Is ukulele easier than piano?

Is it just a bunch of notes in my head?”

This question, especially among the keyboardists of our day, is hard to answer. It’s like asking the average American how well their car handles: There isn’t much difference between the car you drive and the one you ride in. It’s about how much of the car can it understand, compared to a car that can get around itself. Of course, there are no perfect instruments – only imperfect ones – and it’s unlikely that everyone is as good as he or she would be if all of us could learn the same instruments.
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If you find that you can’t keep this up, I’d encourage you to give yourself some space – but don’t be discouraged. That is a choice that each of us has to make – one I think we all make.

If you haven’t, start by finding a band. If you think you have the chops, I’d recommend attending a karaoke night in your town or even driving up to a friend’s place and getting together, practicing, playing a song with them, and then talking about what you did and how it went.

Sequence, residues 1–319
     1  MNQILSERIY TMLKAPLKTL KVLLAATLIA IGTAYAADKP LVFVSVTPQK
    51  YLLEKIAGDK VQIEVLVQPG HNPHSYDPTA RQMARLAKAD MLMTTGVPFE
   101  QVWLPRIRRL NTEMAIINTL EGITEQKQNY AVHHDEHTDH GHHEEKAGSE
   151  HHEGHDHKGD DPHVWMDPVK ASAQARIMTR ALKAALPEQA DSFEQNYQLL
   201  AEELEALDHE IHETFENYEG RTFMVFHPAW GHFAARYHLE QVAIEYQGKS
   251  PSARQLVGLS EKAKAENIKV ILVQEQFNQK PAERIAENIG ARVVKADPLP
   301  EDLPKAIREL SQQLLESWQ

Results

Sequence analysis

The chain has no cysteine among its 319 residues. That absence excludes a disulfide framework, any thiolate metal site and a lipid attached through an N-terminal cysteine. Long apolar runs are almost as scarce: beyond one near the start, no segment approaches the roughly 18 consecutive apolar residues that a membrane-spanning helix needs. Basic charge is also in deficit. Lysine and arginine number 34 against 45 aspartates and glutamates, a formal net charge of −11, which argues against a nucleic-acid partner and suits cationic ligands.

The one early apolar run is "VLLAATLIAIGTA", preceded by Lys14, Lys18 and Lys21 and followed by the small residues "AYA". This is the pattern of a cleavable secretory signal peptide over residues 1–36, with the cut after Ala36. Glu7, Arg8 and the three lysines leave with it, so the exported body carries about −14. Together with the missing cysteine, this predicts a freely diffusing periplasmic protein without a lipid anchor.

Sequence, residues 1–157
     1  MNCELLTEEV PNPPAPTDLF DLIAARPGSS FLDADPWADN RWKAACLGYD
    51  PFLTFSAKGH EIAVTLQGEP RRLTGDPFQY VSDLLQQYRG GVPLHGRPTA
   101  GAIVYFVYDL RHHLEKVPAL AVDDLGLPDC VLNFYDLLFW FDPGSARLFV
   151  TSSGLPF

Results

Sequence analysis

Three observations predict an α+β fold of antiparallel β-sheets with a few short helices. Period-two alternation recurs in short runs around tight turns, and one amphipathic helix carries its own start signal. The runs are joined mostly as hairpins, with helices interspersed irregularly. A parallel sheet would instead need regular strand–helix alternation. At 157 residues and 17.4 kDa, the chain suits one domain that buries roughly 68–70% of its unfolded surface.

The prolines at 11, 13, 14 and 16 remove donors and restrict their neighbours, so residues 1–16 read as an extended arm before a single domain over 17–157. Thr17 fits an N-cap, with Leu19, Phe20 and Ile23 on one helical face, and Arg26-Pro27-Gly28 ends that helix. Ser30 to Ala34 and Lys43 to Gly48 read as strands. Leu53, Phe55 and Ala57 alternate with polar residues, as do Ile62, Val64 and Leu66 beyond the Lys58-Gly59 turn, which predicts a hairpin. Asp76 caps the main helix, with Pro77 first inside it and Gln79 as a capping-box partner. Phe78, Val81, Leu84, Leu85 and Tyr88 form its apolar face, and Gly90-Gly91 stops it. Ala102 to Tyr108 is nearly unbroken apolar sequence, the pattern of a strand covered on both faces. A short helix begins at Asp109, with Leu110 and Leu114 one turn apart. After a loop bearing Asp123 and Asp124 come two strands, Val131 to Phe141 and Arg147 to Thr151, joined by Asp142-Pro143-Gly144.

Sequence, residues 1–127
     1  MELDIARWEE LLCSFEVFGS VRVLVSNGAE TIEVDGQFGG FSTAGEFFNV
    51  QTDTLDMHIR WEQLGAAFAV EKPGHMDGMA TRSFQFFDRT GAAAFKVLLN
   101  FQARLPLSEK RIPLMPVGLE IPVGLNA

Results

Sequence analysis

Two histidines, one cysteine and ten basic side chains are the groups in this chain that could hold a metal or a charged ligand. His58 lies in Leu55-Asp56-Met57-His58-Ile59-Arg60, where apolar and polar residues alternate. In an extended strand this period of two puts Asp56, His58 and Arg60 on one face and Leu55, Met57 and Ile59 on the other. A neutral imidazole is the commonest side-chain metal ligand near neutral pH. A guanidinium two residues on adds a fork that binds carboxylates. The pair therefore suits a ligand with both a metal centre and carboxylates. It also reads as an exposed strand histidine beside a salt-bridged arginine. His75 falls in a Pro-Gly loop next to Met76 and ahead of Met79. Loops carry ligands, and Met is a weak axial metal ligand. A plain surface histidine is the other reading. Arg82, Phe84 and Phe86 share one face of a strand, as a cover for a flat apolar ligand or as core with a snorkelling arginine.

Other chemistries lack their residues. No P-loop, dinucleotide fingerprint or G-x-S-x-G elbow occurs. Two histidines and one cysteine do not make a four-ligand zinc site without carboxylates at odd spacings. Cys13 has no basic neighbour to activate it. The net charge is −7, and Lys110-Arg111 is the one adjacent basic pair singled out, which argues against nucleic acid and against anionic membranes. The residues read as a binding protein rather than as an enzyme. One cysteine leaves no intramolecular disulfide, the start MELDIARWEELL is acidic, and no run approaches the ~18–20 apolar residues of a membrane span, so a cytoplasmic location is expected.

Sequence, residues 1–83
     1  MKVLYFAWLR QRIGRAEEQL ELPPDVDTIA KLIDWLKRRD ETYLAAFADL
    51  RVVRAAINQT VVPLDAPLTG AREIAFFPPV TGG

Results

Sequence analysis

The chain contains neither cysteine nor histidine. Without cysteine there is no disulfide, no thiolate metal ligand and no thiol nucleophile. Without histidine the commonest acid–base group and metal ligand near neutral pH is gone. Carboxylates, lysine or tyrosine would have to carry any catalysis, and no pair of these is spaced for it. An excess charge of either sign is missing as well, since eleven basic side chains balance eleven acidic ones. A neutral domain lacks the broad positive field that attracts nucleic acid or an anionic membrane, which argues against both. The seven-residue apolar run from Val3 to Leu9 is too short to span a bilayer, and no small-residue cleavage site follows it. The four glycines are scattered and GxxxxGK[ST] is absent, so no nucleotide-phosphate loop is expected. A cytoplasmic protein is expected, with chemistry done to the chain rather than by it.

And if you already have a band, I’d recommend learning some simple songs. If you can sit there as a guitar player with a great voice and do it well, there’s no reason why you can’t play some songs while your friend has her band up.

Get in shape.

The more time you spend doing just that and keeping your body in shape, the easier it will be to learn anything.

Whether you’re an intermediate guitar player, or an aspiring intermediate guitar player, don’t stop just because you think you don’t need a band. Start off by watching some YouTube videos: It’ll help you stay focused. I promise.

You’re also better off if you can maintain discipline if you decide you want to start a band. When you start, you still may need to work on some aspects of the repertoire, but there’s no reason you need to do it every time you play an instrument.

Don’t worry about practicing guitar for months and getting nowhere – don’t let that happen. Instead, use that time wisely. There is a lesson in each of us, and we have a lot to learn.

(Editor’s note: This article originally appeared in the spring edition of the Journal of Criminal Justice. It is reprinted with permission.)

An Ohio State graduate is facing felony and misdemeanor charges after he allegedly